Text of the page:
March 11, 2011 11:17 am

Flying business class with the Dell Vostro v130

When you think business-class PCs, you think functional. Durable. Powerful. Boring. Dell, however, wants you to think “beautiful”. That’s the vision behind the strikingly thin, surprisingly gorgeous Dell Vostro v130. Part of Dell’s “Vostro” small business lineup of PCs, the Vostro v130 is powerful (Core i5 ULV processor, 4GB RAM, Intel HD graphics, 500GB 7200rpm drive), light (only 3.5lbs) and beautiful (just look at it!)…and starts at an amazing $429. Mine, configured with the specs above, runs about $900.

It’s an impressive little PC that stands out from the business PC crowd like a red dress at a black tie affair. Full review below.

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Look and Feel

The Vostro v130 is the follow up to the popular Vostro v13, which itself is a direct descendent of the original Dell Adamo. It’s remarkably thin – only 16.5mm at it’s thinnest point – and weighs 3.5 lbs. These dimensions make it one of the slimmest, lightest PCs in my inventory, which mean it’s a breeze to carry around all day. The weight, or lack thereof, doesn’t equate to flimsy design, though. The Vostro v130 is entirely built from anodized aluminum so it’s very durable and endured a week of bouncing around in my messenger back without so much as a scratch. And the PC is balanced perfectly; you can open the PC with one hand and the main body stays completely still.  Those of you who read the blog frequently know that this is a HUGE selling point to me as it indicates exceptional levels of thoughtfulness though design. Nice work, Dell Industrial Design team!

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Inside, the Vostro v130 looks and feels more like Dell’s enterprise-grade Latitude line than the at-home-in-an-art-gallery Adamo. The keyboard is soft and well sprung and I found typing on the Vostro v130, even for a several hours while writing this review, was comfortable and strain-free. The trackpad had a good feel to it and I found that I was able to move the mouse with a very light touch, which made long bouts of computing easy and fun.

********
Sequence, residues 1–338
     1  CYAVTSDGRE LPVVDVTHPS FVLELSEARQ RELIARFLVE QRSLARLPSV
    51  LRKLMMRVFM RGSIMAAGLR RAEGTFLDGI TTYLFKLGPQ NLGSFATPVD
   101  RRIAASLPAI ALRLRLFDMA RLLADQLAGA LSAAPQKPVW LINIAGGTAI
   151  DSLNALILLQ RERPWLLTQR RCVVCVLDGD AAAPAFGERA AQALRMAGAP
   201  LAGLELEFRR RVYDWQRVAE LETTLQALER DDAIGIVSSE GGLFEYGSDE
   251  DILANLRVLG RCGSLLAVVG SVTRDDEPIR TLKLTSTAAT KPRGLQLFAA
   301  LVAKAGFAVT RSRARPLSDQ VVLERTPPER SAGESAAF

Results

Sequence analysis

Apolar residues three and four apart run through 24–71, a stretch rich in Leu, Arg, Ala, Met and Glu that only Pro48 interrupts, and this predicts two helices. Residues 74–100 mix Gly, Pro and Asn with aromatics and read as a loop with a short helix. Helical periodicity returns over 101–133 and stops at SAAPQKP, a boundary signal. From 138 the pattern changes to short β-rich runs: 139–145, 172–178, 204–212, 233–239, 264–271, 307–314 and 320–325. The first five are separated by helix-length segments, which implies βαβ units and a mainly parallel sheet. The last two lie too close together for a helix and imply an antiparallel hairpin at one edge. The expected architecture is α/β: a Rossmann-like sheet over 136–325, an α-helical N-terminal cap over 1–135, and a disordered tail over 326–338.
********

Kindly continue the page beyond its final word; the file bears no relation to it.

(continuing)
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The v130’s display is one of my favorite features. It’s bright and crisp, and with a 13” 1366 x 768 resolution you’re able to watch HD video on it, but it has a huge advantage over most other laptops of this size and resolution – it has a matte finish that makes it easy to see in bright sunlight. I wish that this option was available on more PCs. Glossy displays are great for video, but if you need to write or work in bright conditions, like outside, near a window, or even near bright halogen indoor lighting, having a non-reflective display means more comfortable work.

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Performance

The Vostro v130 epitomizes the modern PC for me – it’s not only attractive, but fast. Inside is a Core i5 ULV processor, which doesn’t pack as much horsepower as a full voltage i5 (processor WEI scores run in the mid 5’s vs. high 6’s) but was more than enough to get me through the day. I didn’t notice any performance dip despite running Outlook, Word, PowerPoint, IE9 RC, and Microsoft Lync non-stop for most of the test days. Intel HD Integrated graphics perform well, as they do in most Core-powered PCs, and playback was smooth.

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Fundamentals were good too, and I was really pleased with the sleep and wake responsiveness of the 7200rpm drive. Even though it’s a spinning hard drive – you can see my thoughts on HDDs vs. SSDs in our latest “Ben and Ryan Explain” video – it feels faster than average.

Here’s how the Vostro v130 performed in my usual stopwatch tests:

  • Startup (cold boot to desktop): 48.5 seconds
  • Shut down (No apps open, button press to power off): 12 seconds
  • Sleep (lid close to power off): 11 seconds
  • Wake (lid open to desktop): 4 seconds

Despite its thinness Dell managed to pack a fairly large battery into the V130 which results in surprisingly good battery life. I got about 5 hours of solid work time out of my unit, which was plenty for me to get through most days of off-and-on uptime in meetings without carrying my power cord. The battery is internal, but can be easily removed with just a few screws. (NOTE: I intentionally blurred the Windows Product Key using “retouch” in Windows Live Photo  Gallery)

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Final Thoughts

The Dell Vostro v130 is exactly what an SMB-focused PC should be – beautiful and fun enough to eschew the “suit and tie” trend of enterprise PCs, but with enough business DNA to make it look and feel professional to use. And the price is so low that even the most fledgling business can afford to compute in style.

Have a question about these or any other PCs? Post a comment, hit me on Twitter, or Ask Ben Anything via email!